Requires person to request criminal background check before transferring firearm to any other person. Specifies exceptions to background check requirement for family members, inherited firearms and antique firearms.
Punishes violation with maximum term of 30 days’ imprisonment, $1,250 fine,or both, for first offense, maximum term of one year’s imprisonment, $6,250 fine, or both, for second offense and maximum term of five years’ imprisonment, $125,000 fine, or both, for third or subsequent offense.
This 2014 Senate Bill ("77th OREGON LEGISLATIVE ASSEMBLY--2014 Regular Session")
amends "S 166.412, 166.432, 166.433, 66.436,166.438, 166.441, 166.460 and 181.150"
This effectively treats private citizens the same as Licensed Firearms dealers when transferring firearms to any other person, with the excepts of antique firearms and if the transferee is a member of the original owner's immediate family (to include step-relationships, grand- parents/children, and aunt/uncle, niece/nephew, etc).
(I note in passing that the available information is that the bill specifically excempts immediate family transfers; this is in direct contradiction to the February 2014 member newsletter from ARPC. I will be contacting the club .. of whom I am a member .. asking them for a more rigorous evaluation.)
The private citizen has the same responsibility as a licensed firearm dealer to perform a background check, and to maintain records. The state responsibility is a 'instant' response (or a good faith effort with accountability) to provide a yes/no acknowledgement that the transferee is not proscribed from firearms ownership ... primarily due to a record as a convicted felon.
(see here for possible other informational links to this bill.)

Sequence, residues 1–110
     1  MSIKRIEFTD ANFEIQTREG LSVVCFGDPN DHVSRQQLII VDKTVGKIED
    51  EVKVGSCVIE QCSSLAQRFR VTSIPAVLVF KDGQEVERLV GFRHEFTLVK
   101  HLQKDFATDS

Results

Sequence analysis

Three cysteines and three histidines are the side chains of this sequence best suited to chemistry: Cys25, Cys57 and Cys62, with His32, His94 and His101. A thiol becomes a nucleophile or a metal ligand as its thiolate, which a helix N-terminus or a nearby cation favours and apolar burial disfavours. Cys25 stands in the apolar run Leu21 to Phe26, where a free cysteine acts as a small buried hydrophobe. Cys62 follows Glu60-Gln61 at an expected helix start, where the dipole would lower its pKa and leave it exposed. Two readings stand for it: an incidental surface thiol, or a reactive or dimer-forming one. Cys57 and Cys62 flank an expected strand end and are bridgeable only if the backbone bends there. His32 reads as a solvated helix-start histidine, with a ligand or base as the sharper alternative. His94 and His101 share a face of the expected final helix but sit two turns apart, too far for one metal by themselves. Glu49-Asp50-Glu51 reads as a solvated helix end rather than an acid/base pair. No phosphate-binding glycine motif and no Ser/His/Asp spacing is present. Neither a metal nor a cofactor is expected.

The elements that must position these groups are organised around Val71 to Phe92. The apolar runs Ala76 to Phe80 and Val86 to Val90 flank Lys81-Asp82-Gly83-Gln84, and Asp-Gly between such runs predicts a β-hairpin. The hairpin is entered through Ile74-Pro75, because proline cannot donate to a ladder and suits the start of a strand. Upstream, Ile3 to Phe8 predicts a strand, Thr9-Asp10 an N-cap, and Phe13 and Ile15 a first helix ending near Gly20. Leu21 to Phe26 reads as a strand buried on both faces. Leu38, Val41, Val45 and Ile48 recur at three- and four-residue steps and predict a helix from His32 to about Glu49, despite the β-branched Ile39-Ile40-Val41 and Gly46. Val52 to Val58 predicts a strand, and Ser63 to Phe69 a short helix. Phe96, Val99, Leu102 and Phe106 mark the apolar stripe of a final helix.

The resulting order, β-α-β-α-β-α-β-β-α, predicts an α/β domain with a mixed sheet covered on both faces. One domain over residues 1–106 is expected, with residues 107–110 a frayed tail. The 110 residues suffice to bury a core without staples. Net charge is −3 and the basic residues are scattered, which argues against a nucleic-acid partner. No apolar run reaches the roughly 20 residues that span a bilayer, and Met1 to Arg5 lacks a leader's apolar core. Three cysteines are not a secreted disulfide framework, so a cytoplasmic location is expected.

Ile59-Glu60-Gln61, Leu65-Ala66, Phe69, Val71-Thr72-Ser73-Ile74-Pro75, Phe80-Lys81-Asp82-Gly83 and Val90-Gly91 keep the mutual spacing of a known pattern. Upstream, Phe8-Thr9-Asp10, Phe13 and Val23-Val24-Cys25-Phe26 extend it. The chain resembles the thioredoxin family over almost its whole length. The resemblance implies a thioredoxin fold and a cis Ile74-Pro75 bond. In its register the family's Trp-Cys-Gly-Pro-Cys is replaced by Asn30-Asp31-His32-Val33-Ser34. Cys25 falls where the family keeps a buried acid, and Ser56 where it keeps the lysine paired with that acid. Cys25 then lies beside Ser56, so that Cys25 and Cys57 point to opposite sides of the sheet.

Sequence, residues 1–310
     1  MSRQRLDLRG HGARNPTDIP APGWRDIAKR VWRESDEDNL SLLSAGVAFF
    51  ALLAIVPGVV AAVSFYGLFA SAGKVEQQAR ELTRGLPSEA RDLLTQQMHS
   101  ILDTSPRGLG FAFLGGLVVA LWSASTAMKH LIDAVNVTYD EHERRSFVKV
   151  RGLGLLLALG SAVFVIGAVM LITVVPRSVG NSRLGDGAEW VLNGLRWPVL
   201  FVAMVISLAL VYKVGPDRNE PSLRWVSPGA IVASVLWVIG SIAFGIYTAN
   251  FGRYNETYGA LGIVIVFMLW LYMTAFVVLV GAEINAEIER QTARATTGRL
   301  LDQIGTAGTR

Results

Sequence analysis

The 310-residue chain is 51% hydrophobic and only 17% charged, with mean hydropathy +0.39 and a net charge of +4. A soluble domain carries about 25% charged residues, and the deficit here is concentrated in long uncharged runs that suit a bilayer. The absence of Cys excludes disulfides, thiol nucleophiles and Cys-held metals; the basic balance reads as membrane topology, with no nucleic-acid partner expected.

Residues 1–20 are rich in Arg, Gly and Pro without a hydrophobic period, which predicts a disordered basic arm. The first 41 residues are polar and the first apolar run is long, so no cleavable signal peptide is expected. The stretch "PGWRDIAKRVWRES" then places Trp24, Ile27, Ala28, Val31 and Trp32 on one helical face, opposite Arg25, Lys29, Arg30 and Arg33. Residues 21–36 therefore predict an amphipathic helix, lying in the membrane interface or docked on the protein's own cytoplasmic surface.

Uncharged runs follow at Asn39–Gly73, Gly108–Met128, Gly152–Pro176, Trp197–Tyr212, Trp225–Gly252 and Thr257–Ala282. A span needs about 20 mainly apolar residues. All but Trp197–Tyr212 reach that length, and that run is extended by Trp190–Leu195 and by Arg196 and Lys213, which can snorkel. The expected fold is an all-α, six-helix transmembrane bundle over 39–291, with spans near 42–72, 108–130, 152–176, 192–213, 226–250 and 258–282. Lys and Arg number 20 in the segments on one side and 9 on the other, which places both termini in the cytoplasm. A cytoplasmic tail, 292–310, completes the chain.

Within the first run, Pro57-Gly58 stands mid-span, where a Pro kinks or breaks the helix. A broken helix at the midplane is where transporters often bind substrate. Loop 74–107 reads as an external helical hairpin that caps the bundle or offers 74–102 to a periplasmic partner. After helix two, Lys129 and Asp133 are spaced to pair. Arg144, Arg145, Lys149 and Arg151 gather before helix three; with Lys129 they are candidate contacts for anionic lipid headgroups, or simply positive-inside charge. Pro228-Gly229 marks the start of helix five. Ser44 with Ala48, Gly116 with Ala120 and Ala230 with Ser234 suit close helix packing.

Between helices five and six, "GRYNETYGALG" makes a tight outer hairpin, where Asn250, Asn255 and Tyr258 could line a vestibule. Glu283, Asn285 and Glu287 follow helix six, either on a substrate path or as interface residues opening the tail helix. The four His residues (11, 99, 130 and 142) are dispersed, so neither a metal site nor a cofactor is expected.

This is NOT to be confused with the 2012 (76th legislative session) Senate Bill 1551, sponsored by Ginny Burdick, "...relating to weapons; amending ORS 166.262 and 166.370 ..." which
Eliminates affirmative defense exempting concealed handgun licensees from crime applicable to possession of firearm or other instrument used as dangerous weapon, while in public building or on grounds adjacent to public building.
WHO?This bill was sponsored by Senator Floyd Prozanski, D-Eugene, who stated in a January 23, 2014, OREGONLIVE (opinion) interview that he was not " playing politics" with expanded gun control legislation.
Also, in a January 09, 2014 OREGONLIVE interview, Prozanski said he will "... have the votes to pass it".
Another interviewee quoted in the same article noted that "... Prozanski hasn’t shared the bill draft with his caucus." Regardless, he (the Republican interviewee) said he won’t support it and that no other Republican is expected to".
The article goes on to observe that "... Democrats maintain a narrow 16-14 majority in the Senate, meaning one defection would crater Prozanski’s chances."
WHY?Here we enter into the realm of introspection; assume that the following is based not on researched documentation .... the author of the bill has not SPECIFICALLY made this statement, but it is obvious from his parenthetical remarks.
It's all about the "Gun Show Loophole"!
Currently, when you go to a gun show, ALL sales are expected to be carried out on the show-room floor. Dealers, who constitute the majority of sales tables, are expected to follow the requirements to check all purchasers through NCIC. And in fact, even private owners (with a table, but no Dealer license) are usually required to perform the same checks. It's a service that the Gun Show organizers provide, and require.
But if you are wandering through the show floor with a rifle slung over a our shoulder and a 3x5 card saying something like "private sale, $375" (or whatever), anyone is free to follow you out to the parking lot and either complete a cash transaction or ... elsewhere, off the lot.